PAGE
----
Soul-Talk: What to Do When Negativity Attacks

Everyday, run-of-the-mill negativity abounds, from greed and corruption to negative emotions, judgments, and plain old nastiness. And yet some part of us keeps on getting up one more time than we stumble and fall.
06/25/2012 08:21 am ET Updated Aug 25, 2012

Have you noticed that there seems to be an increasing amount of negativity out there, and it's coming after you? If so, cheer up! It could be a sign that you're definitely moving along on your spiritual journey. Now this may seem crazy to some of you, especially those who like to dismiss matters of spirituality as snake oil or psychobabble. If that's you, do yourself a favor and read something else today. Or perhaps you really do need to read this one. Carefully.

If you're still with me, let's take a deeper look into the paradox of spiritual progression and attacks of negativity. My experience suggests that the further along you are on your journey as a soul, and the more you recognize and acknowledge yourself as a spiritual being, the more you may wind up under attack of one kind or another. In order to shed some light on this, I need to circle back to some foundational thoughts.

The Myth of the Spiritual Path

You may recall from an earlier article of mine that the spiritual path is a myth. Simply stated, there is no spiritual path, because there's nowhere to go -- you already are where you are headed. Spirit, God, your soul, or any language you would prefer to substitute is already fully present inside of you. That doesn't mean you are fully present with it (you might have forgotten or failed to notice), but it does mean that the spiritual being you seek is already present.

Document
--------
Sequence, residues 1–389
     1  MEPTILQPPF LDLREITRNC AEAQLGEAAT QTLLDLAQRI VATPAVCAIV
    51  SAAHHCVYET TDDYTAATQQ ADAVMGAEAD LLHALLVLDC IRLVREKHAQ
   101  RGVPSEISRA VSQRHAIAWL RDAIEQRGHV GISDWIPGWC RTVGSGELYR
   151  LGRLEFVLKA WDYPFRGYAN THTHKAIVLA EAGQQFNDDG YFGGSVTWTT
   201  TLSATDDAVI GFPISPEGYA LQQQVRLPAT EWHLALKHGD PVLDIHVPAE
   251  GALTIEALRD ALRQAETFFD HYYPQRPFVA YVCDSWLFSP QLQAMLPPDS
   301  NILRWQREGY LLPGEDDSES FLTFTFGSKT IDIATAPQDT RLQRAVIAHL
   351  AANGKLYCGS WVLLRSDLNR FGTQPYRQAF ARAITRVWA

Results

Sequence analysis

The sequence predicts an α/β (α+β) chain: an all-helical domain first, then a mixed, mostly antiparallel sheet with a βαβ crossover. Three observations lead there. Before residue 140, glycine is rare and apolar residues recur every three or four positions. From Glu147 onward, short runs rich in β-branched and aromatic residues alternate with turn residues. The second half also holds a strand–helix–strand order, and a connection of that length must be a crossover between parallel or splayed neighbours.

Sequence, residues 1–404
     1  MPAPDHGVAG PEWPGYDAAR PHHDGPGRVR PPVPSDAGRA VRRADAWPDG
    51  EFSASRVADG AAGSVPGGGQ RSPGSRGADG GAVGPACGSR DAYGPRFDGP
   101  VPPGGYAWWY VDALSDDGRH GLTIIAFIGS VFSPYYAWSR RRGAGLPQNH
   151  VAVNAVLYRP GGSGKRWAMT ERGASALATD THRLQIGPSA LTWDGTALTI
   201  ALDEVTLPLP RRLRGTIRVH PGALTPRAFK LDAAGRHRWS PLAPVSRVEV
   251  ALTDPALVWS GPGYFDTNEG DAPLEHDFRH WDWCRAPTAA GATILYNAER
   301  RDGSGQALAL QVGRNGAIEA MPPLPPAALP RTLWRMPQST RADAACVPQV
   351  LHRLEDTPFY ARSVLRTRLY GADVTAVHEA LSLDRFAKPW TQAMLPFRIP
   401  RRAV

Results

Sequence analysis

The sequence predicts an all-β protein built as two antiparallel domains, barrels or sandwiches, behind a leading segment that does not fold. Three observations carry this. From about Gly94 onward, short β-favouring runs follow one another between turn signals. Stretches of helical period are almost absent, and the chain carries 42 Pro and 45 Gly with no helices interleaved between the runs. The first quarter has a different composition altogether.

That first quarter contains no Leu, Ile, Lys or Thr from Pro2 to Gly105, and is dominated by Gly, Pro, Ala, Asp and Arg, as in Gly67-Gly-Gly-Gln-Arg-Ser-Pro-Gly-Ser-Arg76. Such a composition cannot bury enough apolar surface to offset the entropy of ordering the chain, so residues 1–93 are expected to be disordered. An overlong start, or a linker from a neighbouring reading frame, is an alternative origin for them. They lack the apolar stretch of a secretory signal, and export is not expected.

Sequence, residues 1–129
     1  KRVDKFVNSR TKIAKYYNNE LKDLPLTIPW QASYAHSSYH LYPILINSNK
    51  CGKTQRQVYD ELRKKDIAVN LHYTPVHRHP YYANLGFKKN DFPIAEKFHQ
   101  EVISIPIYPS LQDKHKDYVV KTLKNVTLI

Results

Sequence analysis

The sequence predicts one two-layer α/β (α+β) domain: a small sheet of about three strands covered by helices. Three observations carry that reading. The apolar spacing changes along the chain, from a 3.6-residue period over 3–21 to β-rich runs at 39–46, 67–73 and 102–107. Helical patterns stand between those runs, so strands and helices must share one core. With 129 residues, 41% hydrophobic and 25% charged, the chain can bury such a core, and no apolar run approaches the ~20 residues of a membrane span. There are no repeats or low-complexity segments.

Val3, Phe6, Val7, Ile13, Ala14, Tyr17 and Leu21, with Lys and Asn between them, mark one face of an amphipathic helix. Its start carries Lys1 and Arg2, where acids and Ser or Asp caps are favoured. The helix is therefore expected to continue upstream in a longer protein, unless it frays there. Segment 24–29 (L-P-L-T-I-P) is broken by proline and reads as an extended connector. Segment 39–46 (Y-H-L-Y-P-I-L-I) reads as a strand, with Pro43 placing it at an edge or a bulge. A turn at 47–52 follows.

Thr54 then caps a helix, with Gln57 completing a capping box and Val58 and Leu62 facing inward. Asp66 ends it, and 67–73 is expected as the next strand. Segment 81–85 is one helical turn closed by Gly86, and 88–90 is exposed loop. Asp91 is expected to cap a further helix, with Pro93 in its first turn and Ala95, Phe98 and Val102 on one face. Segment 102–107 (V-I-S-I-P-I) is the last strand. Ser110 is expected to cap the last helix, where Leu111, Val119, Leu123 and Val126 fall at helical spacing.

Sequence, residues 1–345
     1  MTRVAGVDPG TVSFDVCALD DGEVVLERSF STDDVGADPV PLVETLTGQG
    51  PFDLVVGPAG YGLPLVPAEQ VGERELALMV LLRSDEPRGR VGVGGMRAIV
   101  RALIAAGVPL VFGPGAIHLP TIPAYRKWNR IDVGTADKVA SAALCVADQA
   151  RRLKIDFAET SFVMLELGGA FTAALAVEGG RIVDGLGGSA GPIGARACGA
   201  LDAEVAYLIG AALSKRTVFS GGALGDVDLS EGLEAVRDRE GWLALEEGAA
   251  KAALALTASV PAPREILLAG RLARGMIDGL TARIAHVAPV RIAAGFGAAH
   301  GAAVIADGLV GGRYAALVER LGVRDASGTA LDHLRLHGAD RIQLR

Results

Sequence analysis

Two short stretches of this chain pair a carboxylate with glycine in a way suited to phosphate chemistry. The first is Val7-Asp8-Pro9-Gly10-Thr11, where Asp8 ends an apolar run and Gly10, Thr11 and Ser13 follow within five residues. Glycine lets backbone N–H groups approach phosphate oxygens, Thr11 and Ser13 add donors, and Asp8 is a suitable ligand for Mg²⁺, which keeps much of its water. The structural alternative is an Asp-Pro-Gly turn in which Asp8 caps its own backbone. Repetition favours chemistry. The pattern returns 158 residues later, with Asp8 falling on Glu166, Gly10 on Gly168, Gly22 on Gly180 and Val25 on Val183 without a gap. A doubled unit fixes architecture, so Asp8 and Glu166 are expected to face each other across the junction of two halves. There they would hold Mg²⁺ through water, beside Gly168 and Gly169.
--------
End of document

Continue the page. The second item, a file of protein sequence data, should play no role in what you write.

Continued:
However, just as the spiritual path is a myth -- remember, you already are the soul or spirit you seek -- the spiritual journey is alive and well. Sometimes, it feels as though the spiritual journey is alive and tortured. At least that's how it occurs to me on some days, and that's what I want to address here.

How Can the Spiritual Journey Appear to Be so Negative?

Negativity seems to be part of the human experience. Perhaps you have noticed. However, that's not all there is to the human experience. As Teilhard de Chardin wrote in his seminal work, The Phenomenon of Man, "We are not human beings having a spiritual experience; we are spiritual beings having a human experience." My teacher, John-Roger, put it this way: You are a Soul having a human experience. Same thing, of course.

Everyday, run-of-the-mill negativity abounds, from greed and corruption to negative emotions, judgments, and plain old nastiness. Add in a dose or two of misfortune (I've gone through two windshields in head-on collisions, endured three family bankruptcies, and spent a brief period living in my car, to name a few), and we can all come up with evidence that it isn't necessarily very pretty out there.

And yet some part of us keeps on getting up one more time than we stumble and fall (or get knocked to the ground). That innate desire to rebound is part of the human experience. Or perhaps better said, that desire to rebound is part of the spiritual being you truly are, a part that keeps reminding you that your spirit is never knocked to the ground, just the human part.

Part of the spiritual journey involves learning to differentiate what happens to you from how you choose to respond. My good friends Drs. Ron and Mary Hulnick have a superb book on this very subject called Loyalty to Your Soul. If this notion is at all new to you, read this book!

What makes this journey of your soul so paradoxical is that the farther along the journey you go, the more negativity you may experience coming at you. It's kind of like a lightning rod, only a spiritual lightning rod. When you place the proverbial stake in the ground and declare your spiritual essence, the negativity out there knows where to focus. Lightning is no dummy -- it goes after the highest point around. Same thing is true with negativity -- it goes after the highest or brightest light.